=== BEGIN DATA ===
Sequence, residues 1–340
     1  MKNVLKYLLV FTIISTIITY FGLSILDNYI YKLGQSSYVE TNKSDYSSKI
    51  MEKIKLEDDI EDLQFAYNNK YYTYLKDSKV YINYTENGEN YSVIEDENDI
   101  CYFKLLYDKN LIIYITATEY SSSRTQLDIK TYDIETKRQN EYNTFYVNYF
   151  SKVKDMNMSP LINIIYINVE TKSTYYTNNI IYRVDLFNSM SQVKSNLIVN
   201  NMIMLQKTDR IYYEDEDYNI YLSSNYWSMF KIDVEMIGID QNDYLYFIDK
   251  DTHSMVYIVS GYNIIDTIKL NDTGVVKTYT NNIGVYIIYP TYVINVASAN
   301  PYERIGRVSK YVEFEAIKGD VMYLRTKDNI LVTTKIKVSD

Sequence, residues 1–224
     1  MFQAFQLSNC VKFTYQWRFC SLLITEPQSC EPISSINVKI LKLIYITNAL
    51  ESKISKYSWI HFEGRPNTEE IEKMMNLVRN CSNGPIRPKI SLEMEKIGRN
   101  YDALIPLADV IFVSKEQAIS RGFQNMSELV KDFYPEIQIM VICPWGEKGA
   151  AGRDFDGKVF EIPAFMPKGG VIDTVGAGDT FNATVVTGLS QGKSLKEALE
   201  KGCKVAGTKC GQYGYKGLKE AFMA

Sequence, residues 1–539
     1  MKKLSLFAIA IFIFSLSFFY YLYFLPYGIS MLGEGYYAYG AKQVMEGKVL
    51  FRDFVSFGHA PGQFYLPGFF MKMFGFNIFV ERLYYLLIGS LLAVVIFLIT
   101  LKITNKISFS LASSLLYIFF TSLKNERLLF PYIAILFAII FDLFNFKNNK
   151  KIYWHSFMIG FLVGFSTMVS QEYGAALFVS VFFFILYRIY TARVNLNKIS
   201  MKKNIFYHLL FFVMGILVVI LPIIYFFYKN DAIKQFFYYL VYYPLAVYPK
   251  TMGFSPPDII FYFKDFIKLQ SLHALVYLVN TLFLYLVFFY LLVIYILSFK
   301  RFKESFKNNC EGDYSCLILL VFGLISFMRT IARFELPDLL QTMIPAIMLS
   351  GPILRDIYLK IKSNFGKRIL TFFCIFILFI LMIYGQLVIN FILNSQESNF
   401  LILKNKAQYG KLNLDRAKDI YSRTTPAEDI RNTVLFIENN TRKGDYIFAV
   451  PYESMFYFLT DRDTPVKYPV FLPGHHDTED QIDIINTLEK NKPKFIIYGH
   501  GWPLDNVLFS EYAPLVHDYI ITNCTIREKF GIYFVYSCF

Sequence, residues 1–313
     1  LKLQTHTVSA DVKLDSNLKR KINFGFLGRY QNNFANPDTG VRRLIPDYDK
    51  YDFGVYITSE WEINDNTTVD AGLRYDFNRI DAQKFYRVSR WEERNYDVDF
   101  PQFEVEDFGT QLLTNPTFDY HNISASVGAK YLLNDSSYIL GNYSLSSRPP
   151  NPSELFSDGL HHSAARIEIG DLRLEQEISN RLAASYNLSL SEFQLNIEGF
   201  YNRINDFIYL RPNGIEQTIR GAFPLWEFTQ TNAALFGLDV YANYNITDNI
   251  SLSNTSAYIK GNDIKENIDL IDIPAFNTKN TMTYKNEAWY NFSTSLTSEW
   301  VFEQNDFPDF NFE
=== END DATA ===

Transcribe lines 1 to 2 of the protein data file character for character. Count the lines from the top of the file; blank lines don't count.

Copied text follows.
Sequence, residues 1–340
     1  MKNVLKYLLV FTIISTIITY FGLSILDNYI YKLGQSSYVE TNKSDYSSKI